2015 Herp Year in Review - Anurans

I walked out to my truck this morning and felt the chill of nine degrees.  With no thoughts of warm wet nights or sunny warm Saturdays, it is indeed time to reflect on 2015 and summarize my finds.  It was my best herp year ever as far species counts are concerned.  I found 25 different species of anurans in the surrounding Northeast, and added a few in Florida.  Instead of a big story, I'm just going to hop to it.

Eastern Cricket Frogs - I have seen these in PA where they are endangered, as well as NJ, DE, and MD.

American Toad - one of my favorite Springtime activities is watching toads chase each other around in full daylight.

Southern Toad - I roadcruised a bunch of these guys in South Florida during my August trip.

Fowler's Toads - I do see these guys in PA, but mainly NJ and South.  These two were seen in amplexus among fresh egg strands.

Cope's Treefrog - These can only be separated from grays through call.  This was from a pool in Delaware where the majority were Cope's calling and this guy certainly was.   As you can see, he is blowing up, getting ready to advertise for a female.

Carpenter Frog - I only see these in the Pine Barrens.  They are a neat Sourthern-affinity species that reaches the Northern extent of its range in Southern NJ.

Atlantic Coast Leopard Frog - This is a newly described species.  I have been fortunate enough to find some in PA and Northern NJ, however this particular individual was found among many on wet roads in Delaware.

Greenhouse Frog - I saw a few of these guys hopping around in different parts of Southern Florida.

Cane Toad - I cruised a few of these while hoping for Florida Kingsnakes along canals in South Florida.  Unfortunately, I accidentally deleted my natural shots.  This in-hand one will have to do.

Northern Greenfrog - I see these all year, however this individual was a December frog and one of the first subjects I shot with my new macro lens.  :)

Spring Peeper - All of February, I anticipate the screaming chorus of peepers.  By April, I can't fall asleep without hearing them in my head.

Barking Treefrog - If you knew what I had to go through to get this photo, you'd think I was nuts.  I probably am.  This is one of my favorite finds of the year!  Endangered in DE and MD.

Cuban Treefrog - It's a shame to be out in the middle of the Everglades, yet find these with ease.  These are an invasive that out-competes many of the natives and are here to stay.  Regardless, they are damn cute.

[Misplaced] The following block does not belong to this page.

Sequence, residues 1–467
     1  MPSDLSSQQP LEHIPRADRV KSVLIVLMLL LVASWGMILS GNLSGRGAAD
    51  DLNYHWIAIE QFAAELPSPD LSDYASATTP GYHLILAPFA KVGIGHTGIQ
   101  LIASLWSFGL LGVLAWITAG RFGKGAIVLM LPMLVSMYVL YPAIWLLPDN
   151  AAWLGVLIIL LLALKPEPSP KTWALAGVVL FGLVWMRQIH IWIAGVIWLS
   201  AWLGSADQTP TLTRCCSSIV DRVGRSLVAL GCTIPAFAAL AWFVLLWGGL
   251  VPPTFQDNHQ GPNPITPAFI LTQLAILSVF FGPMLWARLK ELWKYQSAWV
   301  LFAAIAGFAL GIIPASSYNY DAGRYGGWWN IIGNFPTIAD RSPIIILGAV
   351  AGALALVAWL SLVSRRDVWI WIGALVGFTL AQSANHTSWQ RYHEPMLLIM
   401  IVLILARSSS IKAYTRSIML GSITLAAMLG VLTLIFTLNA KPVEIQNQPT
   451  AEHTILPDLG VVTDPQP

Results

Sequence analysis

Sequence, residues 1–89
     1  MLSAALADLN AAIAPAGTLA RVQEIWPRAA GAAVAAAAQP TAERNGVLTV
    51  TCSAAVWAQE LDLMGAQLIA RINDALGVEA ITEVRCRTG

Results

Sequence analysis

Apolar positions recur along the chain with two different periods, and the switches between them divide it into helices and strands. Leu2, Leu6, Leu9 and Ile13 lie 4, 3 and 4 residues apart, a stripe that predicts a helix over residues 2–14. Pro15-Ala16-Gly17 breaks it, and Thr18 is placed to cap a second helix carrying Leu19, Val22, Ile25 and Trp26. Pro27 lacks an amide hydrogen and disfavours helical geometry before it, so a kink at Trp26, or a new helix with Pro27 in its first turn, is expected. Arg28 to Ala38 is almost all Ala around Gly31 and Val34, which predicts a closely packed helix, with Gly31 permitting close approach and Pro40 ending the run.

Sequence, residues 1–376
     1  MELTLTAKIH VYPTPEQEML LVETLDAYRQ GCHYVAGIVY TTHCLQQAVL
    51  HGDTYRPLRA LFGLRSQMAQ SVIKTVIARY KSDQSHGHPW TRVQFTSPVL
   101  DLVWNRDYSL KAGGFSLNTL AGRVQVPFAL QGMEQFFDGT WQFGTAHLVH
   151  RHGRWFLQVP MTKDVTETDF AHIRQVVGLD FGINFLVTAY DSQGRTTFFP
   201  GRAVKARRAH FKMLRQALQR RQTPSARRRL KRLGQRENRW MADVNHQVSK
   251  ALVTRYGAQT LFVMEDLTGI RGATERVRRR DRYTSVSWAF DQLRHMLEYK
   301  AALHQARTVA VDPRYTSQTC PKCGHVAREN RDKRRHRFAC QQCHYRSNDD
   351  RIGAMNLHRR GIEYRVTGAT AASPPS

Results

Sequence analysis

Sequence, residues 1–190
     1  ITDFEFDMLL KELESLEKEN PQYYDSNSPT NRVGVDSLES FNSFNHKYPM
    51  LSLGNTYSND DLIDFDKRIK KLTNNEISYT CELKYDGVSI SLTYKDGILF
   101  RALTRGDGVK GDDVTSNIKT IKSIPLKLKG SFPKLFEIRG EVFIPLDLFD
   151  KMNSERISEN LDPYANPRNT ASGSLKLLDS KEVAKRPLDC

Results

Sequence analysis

American Bullfrog - These guys can be massive.  Their size is impressive and they will eat whatever they can fit in their mouth.

Eastern Narrow-mouthed Toad - I love these little guys.  They can be quite variable, and their calls are hysterical.  I saw these in Florida this year.

Pickerel Frog - These are one of the few frogs you can find in Winter by flipping rocks in springs and seeps.  Just don't take them out of the water into sub-freezing air temperatures.

Squirrel Treefrog - I saw a few of these hopping around in North Carolina.

Pig Frog - I had these while spending a few days in Disney World with my daughter.  They really do sound like pigs.

Southern Leopard Frog - I see these in the Pine Barrens more than any other frog.  I also run into them in DE and MD.  They can be variable in appearance.  This is a nice bright green one.

Green Treefrog - This particular individual is from NJ, where they have recently been accepted by the state.  Somehow they slipped under the radar by people who "care" about herps.  I'm sure the residents nearby knew about them for years.  I've seen these in DE, NC, and FL as well this year.

Wood Frog - These are one of the first herps to see in Spring.  They are explosive breeders and sound like a pond full of ducks for a few quick nights.

New Jersey Chorus Frog - I find these in Southern NJ, outside of the barrens as well as the Delmarva peninsula.  These are the size of peepers, but their call sounds like someone running their finger along a comb.  Neat little guys.

Gray Treefrog - tons of these in PA, NJ, DE, and MD.  I don't care how many I see, I will always enjoy them.  They probably have the coolest demeanor of any herp in the Northeast.

Eastern Spadefoot - Spadefoots are so goofy, what's not to love?  I find these EVERYWHERE except, my home county where they are endangered but local.  Go figure.  

Pine Barrens Treefrog - Arguably our best looking frog in the entire US.  Night shining for these is something I look forward to every year.


That wraps it up.  I also have vouchered Oak Toads calling, but failed to get a photograph.  ...My frog failure of the year.  That makes 26 species spread across a few different states.  Not bad.  I hope to get West or down into Central America this year and really see some diversity.  Thanks for reading.  Next up, I'll do lizards.  Staying on the East Coast this year, that should be a quick entry.

...step into the outdoors.